Reducing FMD risk at the border
Foot-and-mouth disease could get into New Zealand on contaminated:
- animal products such as meat and milk
- clothing and shoes
To reduce these risks, New Zealand has some of the world's toughest biosecurity measures against FMD.
Imported goods must meet biosecurity requirements
Goods that could present a biosecurity risk must meet strict requirements when they are being imported into New Zealand to prevent the introduction of pests and diseases like FMD. The rules are set out in the relevant import health standard for the imported goods.
Travellers must declare risk goods or activities
Travellers to New Zealand must declare all goods, equipment, and food that could carry unwanted pests or diseases into New Zealand. Travellers must also declare when they have been in contact with livestock. MPI checks any passengers and baggage identified as being at high risk of carrying FMD.
We use public education to encourage travellers to declare or dispose of risk goods before they cross the border. People who forget to declare items or who make false declarations are fined or can be imprisoned.
MPI uses risk assessment, visual inspections, X-ray screening, and detector dogs to prevent risk goods from being carried into New Zealand by travellers or arriving by mail.
All shipping containers and imported goods are assessed for biosecurity risk. Containers and goods may need inspection or treatment at transitional facilities before they can be cleared for entry into New Zealand. Transitional facilities are operated by MPI-trained and certified staff.
Domestic laws protect animals from disease
Our laws help to protect the health and welfare of animals and prevent animals being fed food that could spread diseases such as FMD.
For example, it's illegal to feed pigs any untreated meat or food waste that contains or might have contacted raw meat.
On-farm biosecurity protects against FMD
Farmers can help prevent an outbreak of FMD by:
- purchasing stock from reputable suppliers
- keeping overseas visitors away from stock for a week after their last contact with animals or infected places overseas
- developing a simple on-farm biosecurity plan outlining what to do in an outbreak.
Find out more
Why we don’t use vaccines for disease prevention
There are 7 serotypes (strains) of FMD virus, each with many sub-types. Protection against each sub-type requires a different vaccine and only lasts for a short time (months rather than years). To prevent an outbreak, all susceptible animals in a country would need 6-monthly to yearly vaccinations for each sub-type, making this an inefficient and expensive option.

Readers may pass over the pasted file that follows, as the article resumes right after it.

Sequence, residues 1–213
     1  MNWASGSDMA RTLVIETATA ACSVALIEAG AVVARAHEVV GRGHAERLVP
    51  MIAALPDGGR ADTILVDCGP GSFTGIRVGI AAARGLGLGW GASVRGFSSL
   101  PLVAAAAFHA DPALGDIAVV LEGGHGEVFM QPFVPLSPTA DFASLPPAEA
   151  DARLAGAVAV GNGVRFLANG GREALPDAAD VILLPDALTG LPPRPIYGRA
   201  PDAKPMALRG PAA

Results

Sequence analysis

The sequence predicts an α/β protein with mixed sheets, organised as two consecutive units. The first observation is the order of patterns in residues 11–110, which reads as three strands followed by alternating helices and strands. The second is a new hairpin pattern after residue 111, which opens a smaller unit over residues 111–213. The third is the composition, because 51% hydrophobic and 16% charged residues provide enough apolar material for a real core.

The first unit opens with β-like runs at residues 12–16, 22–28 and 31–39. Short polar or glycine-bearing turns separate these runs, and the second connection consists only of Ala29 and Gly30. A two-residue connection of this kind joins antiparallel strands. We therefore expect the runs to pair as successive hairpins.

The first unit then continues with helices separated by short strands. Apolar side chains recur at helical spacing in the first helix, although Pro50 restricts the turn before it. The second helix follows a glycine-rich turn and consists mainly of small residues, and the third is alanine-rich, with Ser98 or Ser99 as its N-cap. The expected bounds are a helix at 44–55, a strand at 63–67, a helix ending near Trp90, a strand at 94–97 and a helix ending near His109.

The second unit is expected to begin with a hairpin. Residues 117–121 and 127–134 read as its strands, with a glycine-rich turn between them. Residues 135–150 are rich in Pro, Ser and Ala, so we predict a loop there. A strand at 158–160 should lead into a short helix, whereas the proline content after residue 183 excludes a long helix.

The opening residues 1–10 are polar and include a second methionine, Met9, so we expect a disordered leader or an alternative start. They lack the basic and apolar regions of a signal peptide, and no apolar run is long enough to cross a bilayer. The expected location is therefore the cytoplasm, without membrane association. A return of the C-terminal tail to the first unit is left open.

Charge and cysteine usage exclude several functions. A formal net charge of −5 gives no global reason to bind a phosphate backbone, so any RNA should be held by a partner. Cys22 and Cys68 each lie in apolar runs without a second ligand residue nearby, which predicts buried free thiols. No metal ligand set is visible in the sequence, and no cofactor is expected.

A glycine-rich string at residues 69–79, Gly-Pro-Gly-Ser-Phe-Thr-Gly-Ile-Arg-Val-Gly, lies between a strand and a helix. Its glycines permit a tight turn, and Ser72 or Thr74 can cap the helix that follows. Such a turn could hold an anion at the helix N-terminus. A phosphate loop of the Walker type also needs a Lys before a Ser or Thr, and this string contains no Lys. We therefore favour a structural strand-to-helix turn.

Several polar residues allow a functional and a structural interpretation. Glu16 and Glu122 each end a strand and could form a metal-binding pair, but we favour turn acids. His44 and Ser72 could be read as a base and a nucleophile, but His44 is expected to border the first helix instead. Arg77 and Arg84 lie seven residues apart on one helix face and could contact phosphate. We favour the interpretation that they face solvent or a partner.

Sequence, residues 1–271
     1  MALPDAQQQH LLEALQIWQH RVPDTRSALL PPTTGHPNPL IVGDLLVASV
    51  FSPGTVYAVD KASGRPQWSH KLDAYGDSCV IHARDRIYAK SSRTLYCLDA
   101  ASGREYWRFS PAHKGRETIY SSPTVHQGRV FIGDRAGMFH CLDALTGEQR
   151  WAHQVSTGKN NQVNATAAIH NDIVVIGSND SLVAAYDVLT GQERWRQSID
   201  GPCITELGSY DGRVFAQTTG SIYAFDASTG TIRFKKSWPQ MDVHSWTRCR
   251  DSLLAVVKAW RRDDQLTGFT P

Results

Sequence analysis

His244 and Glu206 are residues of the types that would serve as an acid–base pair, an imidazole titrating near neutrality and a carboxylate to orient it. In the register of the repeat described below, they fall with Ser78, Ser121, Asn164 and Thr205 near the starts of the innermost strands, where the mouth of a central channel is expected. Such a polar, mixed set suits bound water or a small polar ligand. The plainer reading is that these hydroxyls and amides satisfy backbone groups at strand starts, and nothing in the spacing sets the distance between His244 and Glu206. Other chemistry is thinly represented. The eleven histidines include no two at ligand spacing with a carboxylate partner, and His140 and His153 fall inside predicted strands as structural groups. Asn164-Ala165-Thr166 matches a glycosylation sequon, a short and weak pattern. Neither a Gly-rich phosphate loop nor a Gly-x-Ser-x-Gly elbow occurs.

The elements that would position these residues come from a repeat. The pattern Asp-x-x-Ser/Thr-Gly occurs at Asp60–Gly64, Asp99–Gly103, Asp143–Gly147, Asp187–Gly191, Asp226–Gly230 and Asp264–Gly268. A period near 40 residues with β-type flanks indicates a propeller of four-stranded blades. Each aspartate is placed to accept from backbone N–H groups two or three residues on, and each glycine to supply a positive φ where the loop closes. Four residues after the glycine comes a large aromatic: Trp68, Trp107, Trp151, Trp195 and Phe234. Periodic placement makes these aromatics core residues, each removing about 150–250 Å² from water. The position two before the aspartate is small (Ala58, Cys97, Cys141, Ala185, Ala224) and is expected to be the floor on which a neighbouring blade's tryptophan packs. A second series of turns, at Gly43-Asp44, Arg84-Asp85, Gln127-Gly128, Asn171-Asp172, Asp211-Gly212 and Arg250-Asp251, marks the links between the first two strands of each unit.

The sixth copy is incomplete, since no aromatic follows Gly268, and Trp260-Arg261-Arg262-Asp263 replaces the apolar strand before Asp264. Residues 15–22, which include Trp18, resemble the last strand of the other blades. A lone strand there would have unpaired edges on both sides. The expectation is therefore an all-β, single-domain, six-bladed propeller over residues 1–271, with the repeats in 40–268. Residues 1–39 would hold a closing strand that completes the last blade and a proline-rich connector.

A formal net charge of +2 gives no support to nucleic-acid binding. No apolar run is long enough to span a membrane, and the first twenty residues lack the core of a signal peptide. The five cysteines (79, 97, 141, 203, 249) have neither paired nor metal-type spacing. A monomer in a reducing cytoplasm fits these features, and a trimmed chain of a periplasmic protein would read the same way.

In addition, because we don't have FMD in or near New Zealand, we don't need to use vaccines to prevent an outbreak. It's appropriate and more cost-effective to focus on keeping FMD out of the country. New Zealand is internationally recognised as 'FMD-free without vaccination' – which is one of the reasons why our products usually enjoy a premium in international trade.
Using vaccines if an FMD outbreak occurs
If New Zealand had an FMD outbreak, vaccines could be used to control the spread of the disease. Vaccines help manage an FMD outbreak by reducing how much and how fast the virus spreads.
Vaccines can help slow the spread of disease when given to healthy animals that are at risk of exposure to the virus through contact with infected animals or contaminated objects.
New Zealand has an emergency vaccine manufacturing contract with a ‘vaccine bank’ in the United Kingdom to hold FMD vaccine components in a ready state for our exclusive use.
Should we need a vaccine, the vaccine most suited to whatever FMD strain was circulating here would be manufactured and delivered.
Limitations of FMD vaccines
Vaccines can help manage an FMD outbreak by increasing immunity in animals located in at-risk areas around infected places. But vaccines do have their limitations. They take time to manufacture and distribute, and they are expensive for industry and government.
Vaccines aren't an alternative to slaughtering infected animals. For this reason, all susceptible animals on properties with FMD would still need to be humanely slaughtered to eradicate the disease from New Zealand. We would not vaccinate infected animals, only healthy at-risk animals in areas surrounding infected locations.
There are also strict trade requirements if FMD vaccines are used. If vaccinated animals aren't eventually slaughtered, it takes longer to be officially regarded as FMD-free again for international trade. These factors, along with the size of any outbreak, are important to determine if the use of vaccines will be beneficial in an FMD response.
Who to contact
If you have questions about FMD, email email@example.com